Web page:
Johnathon Howard: I think broadcasters really need to start paying attention to their Web content. It really can't be this reuse of what was on air. If you are successfully driving people from your news broadcast to your Web content, it needs to be something unique.

Generally, when you go out and shoot footage for a story, you might have a 30-minute tape that's chocked full of great footage. You probably used about 15 or 20 seconds of it during that 30-second story.

So, there's a lot of content there that you're already paying someone to generate. What you need are tools that really enable you to use that content when it’s new and fresh and not as an afterthought.

That's really the gist of what really hit me. You know, TV stations have really pioneered a workflow that works great for them. There's another discipline that's actually adopting that, and if stations are not careful, newspapers are going to start providing much more content — and quite frankly better content and unique content — than traditional broadcasters are.

IPTV Update: As you noted, there is a workforce disparity between TV and newspapers. Can technology offer a solution to level the playing field a bit?

Johnathon Howard: That’s the beautiful thing about technology. Since everything is basically file-based now, that means that you can get access to content as soon as it exists. I don't have to worry about this linear process where I can’t start my job until you're done with that tape, for example.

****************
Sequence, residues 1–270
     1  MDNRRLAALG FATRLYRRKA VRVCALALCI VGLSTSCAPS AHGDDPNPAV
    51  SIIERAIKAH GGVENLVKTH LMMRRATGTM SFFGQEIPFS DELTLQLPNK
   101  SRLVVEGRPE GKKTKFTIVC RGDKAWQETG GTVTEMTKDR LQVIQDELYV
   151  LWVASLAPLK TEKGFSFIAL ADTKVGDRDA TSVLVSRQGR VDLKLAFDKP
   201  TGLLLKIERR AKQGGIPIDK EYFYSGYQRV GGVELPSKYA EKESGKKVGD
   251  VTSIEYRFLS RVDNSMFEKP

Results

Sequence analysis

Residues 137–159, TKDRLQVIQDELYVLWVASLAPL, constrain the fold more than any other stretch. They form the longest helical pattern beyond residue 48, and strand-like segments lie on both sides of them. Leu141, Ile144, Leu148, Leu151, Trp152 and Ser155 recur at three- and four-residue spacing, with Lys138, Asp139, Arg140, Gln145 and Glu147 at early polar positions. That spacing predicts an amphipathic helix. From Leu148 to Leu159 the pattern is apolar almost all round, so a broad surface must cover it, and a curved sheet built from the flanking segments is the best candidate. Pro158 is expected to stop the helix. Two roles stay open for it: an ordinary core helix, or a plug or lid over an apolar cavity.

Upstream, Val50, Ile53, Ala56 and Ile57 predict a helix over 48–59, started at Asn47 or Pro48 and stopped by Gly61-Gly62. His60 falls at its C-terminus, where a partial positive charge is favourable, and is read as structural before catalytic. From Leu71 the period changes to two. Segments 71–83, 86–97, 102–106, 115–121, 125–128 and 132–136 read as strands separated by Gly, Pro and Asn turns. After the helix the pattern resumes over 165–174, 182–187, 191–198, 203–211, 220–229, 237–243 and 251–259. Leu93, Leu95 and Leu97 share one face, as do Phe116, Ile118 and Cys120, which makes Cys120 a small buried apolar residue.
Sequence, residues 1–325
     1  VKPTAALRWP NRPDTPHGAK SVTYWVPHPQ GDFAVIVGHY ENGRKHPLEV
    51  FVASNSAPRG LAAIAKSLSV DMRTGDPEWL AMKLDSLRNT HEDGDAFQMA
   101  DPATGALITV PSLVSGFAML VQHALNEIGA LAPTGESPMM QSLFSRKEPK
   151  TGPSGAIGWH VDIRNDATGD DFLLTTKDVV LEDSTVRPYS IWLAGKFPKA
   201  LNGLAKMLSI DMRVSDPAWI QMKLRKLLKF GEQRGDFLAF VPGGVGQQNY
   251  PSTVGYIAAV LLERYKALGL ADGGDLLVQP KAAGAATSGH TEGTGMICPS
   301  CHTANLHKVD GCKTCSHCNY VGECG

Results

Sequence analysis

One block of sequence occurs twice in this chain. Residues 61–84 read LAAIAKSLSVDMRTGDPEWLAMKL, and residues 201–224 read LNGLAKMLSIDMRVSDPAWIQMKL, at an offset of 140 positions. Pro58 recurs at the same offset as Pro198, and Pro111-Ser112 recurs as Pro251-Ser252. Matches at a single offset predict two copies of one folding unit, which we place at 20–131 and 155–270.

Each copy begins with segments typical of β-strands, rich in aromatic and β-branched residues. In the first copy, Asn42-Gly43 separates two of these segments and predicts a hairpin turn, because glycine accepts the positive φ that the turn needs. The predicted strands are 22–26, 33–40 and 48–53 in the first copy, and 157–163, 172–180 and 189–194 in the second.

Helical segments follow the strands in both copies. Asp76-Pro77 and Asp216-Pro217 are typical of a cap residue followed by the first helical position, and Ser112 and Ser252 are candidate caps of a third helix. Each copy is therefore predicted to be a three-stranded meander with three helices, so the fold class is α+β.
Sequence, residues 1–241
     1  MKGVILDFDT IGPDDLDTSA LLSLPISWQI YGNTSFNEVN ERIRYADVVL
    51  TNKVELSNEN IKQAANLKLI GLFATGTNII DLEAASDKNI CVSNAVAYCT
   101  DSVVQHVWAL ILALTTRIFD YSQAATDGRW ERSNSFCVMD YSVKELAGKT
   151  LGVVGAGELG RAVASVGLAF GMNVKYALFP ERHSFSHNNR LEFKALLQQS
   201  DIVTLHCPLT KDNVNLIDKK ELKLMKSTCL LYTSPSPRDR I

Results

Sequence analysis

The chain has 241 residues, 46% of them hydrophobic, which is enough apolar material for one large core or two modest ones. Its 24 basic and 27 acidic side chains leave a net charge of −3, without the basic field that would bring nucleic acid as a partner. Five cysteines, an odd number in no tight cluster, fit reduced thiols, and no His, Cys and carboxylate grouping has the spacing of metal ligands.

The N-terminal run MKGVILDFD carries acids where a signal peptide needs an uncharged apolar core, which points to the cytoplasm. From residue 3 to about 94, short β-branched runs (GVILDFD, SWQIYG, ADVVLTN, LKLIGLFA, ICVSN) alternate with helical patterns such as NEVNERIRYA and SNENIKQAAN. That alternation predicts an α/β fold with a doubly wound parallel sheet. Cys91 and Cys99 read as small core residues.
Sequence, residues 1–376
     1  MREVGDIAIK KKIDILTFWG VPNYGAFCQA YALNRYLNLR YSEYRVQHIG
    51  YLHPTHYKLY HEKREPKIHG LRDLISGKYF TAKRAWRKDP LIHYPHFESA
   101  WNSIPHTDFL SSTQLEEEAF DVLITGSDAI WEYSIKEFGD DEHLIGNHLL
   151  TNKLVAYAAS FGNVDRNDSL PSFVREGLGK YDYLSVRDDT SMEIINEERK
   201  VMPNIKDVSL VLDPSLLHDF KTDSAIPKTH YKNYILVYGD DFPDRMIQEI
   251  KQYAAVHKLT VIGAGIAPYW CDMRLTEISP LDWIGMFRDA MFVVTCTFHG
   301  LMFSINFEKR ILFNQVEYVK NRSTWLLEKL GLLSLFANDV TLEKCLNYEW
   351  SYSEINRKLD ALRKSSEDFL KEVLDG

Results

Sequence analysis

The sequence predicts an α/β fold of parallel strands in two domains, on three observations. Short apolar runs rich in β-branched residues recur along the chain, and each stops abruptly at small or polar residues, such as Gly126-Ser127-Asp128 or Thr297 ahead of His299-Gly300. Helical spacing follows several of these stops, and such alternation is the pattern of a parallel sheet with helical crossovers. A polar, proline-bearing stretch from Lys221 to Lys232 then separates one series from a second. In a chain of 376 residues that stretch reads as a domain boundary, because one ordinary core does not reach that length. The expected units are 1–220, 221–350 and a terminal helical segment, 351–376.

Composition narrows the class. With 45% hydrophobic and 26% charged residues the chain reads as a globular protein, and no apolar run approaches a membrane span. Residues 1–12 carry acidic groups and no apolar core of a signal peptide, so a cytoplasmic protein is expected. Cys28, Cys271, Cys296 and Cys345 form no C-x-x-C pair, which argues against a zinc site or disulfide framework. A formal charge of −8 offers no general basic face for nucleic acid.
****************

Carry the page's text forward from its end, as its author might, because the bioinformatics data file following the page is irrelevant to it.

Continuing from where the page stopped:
If you digitize it, I can start using that in the Web department the same as the guys doing the breaking news. That's really what’s been missing I think. During the budgeting cycle, during the planning cycle for broadcasters, the Web is this necessary evil of the moment.

We really have to start understanding that the Web is no longer a necessary evil; it's going to be part of survival going forward for traditional broadcasters. The technology has gotten to the point where competitors can start coming from every angle; everyone is fighting for the eyeballs that the TV stations previously owned.

IPTV Update: Newspapers have the same access to those same workflows and digital files advantages, so with those things being equal, won’t television stations be a tough spot?

Johnathon Howard: The important thing to keep in mind is that television newsrooms need to get out in front of this right now. They have the talent pool that knows how to crank out a lot of content. They also already have the infrastructure in place.

If you plan for it and put the right tools in place right now, there’s still time.